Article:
Canada kicks off 2021 with consecutive trade surpluse

A Couche-tard convenience store at an Esso gas-station is seen in Montreal, Quebec on January 13, 2021. Canadian convenience store operator Couche-Tard said January 13, 2021 it had made a non-binding offer for Carrefour that values the French supermarket group at more than 16 billion euros ($19.5 billion).


OTTAWA - Canada posted a Can$1.0 billion (R11.5-billion) trade surplus in February, marking its first back to back surpluses in half a decade, the national statistical agency said on Wednesday.

The figure, down from a revised Can$1.2-billion surplus the previous month, however, missed analysts' forecasts.

Both imports and exports fell, Statistics Canada said in a statement, notably with countries other than the United States.

Exports to the its southern neighbor rose slightly in the month while imports fell, leading to a Can$6.8-billion trade surplus with the United States -- the largest since 2008.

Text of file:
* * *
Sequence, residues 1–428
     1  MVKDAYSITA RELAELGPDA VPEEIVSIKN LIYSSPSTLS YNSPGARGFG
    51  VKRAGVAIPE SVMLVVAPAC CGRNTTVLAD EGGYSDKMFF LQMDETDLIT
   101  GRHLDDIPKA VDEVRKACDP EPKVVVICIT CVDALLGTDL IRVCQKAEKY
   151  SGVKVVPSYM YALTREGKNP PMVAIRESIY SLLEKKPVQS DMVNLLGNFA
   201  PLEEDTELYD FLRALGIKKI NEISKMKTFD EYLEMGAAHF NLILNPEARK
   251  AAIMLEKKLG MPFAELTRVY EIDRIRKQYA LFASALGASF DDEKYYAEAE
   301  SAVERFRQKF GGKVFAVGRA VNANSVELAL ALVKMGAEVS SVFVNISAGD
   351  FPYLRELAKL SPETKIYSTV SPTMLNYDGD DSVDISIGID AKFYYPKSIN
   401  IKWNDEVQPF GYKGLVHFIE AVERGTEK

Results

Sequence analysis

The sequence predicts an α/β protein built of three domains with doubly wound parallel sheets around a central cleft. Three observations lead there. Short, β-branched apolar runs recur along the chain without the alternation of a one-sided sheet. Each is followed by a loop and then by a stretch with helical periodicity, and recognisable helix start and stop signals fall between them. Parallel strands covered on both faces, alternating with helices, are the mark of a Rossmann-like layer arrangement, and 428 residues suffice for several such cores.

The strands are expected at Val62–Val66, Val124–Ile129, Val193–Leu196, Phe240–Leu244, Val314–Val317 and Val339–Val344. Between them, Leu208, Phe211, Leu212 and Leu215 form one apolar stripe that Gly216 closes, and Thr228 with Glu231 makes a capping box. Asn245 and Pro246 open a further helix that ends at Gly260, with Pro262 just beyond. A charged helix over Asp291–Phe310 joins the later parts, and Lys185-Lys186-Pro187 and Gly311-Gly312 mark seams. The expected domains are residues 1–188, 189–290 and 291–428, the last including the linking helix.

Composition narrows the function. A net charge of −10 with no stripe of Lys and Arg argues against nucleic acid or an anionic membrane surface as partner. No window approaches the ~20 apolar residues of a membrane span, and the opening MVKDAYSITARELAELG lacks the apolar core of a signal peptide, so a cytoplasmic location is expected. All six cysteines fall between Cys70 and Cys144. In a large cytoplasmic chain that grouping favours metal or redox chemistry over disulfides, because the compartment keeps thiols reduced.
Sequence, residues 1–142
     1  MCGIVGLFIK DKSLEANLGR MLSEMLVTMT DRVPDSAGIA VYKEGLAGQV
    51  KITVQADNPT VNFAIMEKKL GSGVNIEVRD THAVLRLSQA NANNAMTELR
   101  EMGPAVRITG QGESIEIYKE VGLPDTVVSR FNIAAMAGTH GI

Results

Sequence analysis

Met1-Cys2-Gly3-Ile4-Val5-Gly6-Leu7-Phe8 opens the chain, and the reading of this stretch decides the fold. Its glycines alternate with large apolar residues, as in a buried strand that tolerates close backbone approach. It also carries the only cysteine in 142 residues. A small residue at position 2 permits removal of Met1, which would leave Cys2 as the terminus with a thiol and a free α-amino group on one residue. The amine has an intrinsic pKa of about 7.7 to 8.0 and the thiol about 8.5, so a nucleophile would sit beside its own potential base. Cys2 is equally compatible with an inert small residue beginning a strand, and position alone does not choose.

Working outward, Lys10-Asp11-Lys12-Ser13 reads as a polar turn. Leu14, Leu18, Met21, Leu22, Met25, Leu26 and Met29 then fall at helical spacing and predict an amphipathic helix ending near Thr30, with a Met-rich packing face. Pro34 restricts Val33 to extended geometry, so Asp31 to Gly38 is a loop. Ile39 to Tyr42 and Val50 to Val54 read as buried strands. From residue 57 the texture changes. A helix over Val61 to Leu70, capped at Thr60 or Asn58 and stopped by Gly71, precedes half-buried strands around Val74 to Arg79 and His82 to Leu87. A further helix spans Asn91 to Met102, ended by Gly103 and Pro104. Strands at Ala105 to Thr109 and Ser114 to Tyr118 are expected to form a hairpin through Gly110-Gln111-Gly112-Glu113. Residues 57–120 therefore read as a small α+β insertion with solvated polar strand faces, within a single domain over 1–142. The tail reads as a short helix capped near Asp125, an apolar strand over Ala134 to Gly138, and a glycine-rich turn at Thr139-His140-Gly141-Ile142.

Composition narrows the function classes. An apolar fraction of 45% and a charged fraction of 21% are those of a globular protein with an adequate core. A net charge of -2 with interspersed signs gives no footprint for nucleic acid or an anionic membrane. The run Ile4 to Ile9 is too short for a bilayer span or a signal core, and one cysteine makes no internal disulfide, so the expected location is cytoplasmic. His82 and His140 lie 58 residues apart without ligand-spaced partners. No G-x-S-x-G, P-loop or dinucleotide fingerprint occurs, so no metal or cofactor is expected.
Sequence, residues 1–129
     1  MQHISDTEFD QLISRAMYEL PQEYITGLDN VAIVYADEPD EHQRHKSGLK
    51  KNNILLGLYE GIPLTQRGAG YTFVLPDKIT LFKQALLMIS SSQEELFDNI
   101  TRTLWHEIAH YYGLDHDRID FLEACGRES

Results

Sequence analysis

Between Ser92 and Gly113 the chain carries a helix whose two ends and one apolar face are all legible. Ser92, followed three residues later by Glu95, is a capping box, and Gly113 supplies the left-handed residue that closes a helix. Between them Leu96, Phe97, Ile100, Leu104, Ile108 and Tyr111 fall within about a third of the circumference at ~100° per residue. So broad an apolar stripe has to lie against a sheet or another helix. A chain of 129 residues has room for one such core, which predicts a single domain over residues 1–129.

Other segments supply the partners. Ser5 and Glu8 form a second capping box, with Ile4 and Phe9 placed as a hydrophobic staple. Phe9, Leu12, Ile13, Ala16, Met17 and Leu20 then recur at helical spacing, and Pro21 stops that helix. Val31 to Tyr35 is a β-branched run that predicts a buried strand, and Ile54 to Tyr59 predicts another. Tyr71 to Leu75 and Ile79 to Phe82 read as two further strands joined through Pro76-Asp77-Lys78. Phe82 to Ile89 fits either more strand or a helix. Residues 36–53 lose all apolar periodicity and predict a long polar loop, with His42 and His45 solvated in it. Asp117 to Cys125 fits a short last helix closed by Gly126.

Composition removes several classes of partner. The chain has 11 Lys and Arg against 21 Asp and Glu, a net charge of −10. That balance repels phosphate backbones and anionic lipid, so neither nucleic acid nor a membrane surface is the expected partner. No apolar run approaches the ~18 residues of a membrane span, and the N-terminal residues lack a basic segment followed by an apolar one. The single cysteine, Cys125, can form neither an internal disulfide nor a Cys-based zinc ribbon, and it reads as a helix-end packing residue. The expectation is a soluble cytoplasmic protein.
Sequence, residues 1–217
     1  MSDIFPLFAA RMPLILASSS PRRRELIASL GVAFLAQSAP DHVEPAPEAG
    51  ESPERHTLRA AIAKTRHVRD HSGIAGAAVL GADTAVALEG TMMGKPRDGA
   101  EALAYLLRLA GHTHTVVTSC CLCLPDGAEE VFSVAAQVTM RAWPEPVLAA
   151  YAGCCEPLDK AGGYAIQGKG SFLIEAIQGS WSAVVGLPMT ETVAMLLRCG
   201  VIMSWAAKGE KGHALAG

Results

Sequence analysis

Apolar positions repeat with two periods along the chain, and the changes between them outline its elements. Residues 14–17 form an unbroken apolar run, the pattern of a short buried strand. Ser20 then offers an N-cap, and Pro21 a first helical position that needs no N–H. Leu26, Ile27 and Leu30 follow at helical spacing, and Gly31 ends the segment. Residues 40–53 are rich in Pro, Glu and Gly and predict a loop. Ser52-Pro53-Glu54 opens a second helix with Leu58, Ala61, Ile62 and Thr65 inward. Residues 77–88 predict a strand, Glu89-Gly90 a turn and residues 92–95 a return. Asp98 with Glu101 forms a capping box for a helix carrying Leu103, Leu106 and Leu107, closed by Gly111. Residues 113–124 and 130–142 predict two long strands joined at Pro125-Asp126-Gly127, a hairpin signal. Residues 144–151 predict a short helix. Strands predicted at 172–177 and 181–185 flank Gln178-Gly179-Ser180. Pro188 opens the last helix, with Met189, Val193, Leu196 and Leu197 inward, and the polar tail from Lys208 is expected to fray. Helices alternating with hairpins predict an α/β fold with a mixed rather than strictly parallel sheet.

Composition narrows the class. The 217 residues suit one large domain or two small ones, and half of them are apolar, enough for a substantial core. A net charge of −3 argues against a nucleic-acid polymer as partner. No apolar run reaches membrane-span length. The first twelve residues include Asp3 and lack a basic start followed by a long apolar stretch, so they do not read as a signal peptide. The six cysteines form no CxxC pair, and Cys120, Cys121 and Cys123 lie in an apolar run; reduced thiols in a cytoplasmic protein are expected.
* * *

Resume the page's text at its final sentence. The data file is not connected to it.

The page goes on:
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Statistics Canada said a global shortage of semiconductor chips had a "significant impact" on trade in motor vehicles as production in North America -- which relies on the component -- was scaled down.

Total exports fell 2.7-percent to Can$49.9 billion, led by unwrought gold, silver and platinum, motor vehicles and parts, and aircraft and other transportation equipment and parts.

This was partially offset by higher exports of natural gas, which more than doubled in February due to extreme weather in the southern United States and power outages in Texas.

Exports of crude oil and crude bitumen also rose for a fifth consecutive month.

Total imports, meanwhile, fell 2.4 percent to Can$48.8 billion as imports of refined petroleum products, diesel fuels and gasoline continued to tumble, and aircraft imports rose.


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